Preventing type 2 diabetes (Part 2)

Preventing type 2 diabetes (Part 2)

Risk factors for diabetes

  • Older than 45
  • Overweight
  • Close family member with diabetes
  • Gestational diabetes
  • Gave birth to 9 lbs.-plus baby
  • African-American, Hispanic or
  • Latino, Asian-American or
  • Pacific Islander, or American-Indian
  • High blood pressure
  • High cholesterol or other abnormal
  • blood fats
  • Inactive
  • Abnormal blood glucose test


Source: National Diabetes Education Program


What do I tell my client…

The scenario

An older woman just diagnosed with type 2 diabetes is preparing to start an exercise program. She wants to know how exercise will help her, plus exercise dos and don’ts.


The facts

An eight-week circuit training program improved “functional capacity, lean body mass, strength and glycemic control in subjects with type 2 diabetes.” Source: Diabetes Research and Clinical Practice 2002;56:115–123


A review of research states that progressive resistance training (PRT) “improves insulin sensitivity and glycemic control; increases muscle mass, strength, and endurance; and has positive effects on bone density, osteoarthritic symptoms, mobility impairment, self-efficacy, hypertension, and lipid profiles.” Source: Diabetes Care 2003;26:1580–1588


A study of more than 50,000 men ages 40–75 years shows that physical activity reduces the risk for heart attack and death in men with type 2 diabetes. Diabetic men in the third highest of four categories of total physical activity reduced their risk of heart disease by 36% and death by 43% compared to those in the lowest category. Source: Circulation 2003;107:2435–2439, 2392–2394


The solution

Ensure your client has medical clearance to exercise. Check whether resistance training is specifically approved and note any cautions. If your client relies on insulin, suggest she consult her healthcare provider about coordinating her exercise and insulin.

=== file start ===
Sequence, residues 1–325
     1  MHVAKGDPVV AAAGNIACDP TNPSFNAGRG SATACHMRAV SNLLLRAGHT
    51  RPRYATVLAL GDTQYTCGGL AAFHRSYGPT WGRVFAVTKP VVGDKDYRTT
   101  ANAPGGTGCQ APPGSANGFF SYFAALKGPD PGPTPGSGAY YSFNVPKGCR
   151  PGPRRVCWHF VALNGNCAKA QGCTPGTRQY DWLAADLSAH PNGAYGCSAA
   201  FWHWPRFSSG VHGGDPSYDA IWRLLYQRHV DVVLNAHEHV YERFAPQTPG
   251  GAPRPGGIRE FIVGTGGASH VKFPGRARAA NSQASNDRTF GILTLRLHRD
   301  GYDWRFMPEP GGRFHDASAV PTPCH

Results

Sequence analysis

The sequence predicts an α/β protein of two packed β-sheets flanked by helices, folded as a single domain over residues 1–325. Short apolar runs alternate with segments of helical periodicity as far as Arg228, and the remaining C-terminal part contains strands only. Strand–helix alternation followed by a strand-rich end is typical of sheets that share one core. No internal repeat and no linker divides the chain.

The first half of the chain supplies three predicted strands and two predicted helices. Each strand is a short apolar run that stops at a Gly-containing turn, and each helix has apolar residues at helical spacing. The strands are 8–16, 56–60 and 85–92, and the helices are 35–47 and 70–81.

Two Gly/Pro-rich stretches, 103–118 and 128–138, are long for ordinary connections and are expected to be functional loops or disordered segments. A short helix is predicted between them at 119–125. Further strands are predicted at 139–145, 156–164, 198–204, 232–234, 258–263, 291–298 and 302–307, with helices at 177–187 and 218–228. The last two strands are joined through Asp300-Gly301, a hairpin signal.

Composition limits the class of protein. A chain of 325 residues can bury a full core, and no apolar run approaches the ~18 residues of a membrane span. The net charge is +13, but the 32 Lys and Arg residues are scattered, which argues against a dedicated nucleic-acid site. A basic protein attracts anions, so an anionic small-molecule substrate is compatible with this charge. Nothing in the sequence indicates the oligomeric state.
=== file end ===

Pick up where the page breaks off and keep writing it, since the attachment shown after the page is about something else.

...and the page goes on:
Urge your client to monitor her blood glucose levels to find out how exercise affects her blood sugar. To prevent hypoglycemia, your client should check her blood glucose before and after exercise, plus monitor levels for at least 12 hours after exercise. Checking blood glucose during workouts is usually advised for people who take insulin or oral diabetes medicines, as well as for individuals doing long workouts or just starting an activity. Ask your client whether she takes beta-blockers, which can mask symptoms of low blood sugar. Advise her to keep a sugar source handy in case she becomes hypoglycemic.


If your client has autonomic neuropathy, recommend low-level daily activities that cause mild changes in heart rate and blood pressure. With nerve damage, she should avoid exercising in hot environments. Cold environments are also problematic if your client has peripheral vascular disease (loss of circulation). If your client has poor circulation, advise her to avoid cross-legged stretches and to select comfortable shoes that fit well. Emphasize attention to footwear and foot care, and caution your client to visit a healthcare provider at the earliest sign of a problem.


If your client has nerve damage, she may have weak muscles and poor reflexes in her feet. Her balance and gait may be affected. Suggest non-weight bearing activities, or consider alternating weight bearing with non-weight bearing exercise.


Recommend light weight training (RPE of 10–11) if your client has normal blood pressure, unless contraindicated. If your client has eye or kidney disease, caution her against exercise that raises her systolic blood pressure to 180–200 mmHg, i.e. arms frequently overhead. If your client has cardiovascular complications, tell her to avoid arms overhead exercise. Also, suggest she check her blood pressure and pulse before and after exercise.


If your client’s fasting blood glucose ever exceeds 300 mg/dl, advise her not to exercise until her blood sugar is under control or she visits her healthcare provider.



  • Albright, A.; Franz, M.; et al. 2000. “ACSM Position Stand: Exercise and Type 2 Diabetes.” Medicine & Science in Sports & Exercise 2000;32:1345–60
  • American Diabetes Association. “Healthy Living: Exercise: Getting Started: Safety Tips.”, accessed July 8, 2003
  • Best-Martini, E. and Botenhagen DiGenova, K.A. 2003. Exercise for Frail Elders. Champaign IL: Human Kinetics


This article is provided courtesy of the International Council on Active Aging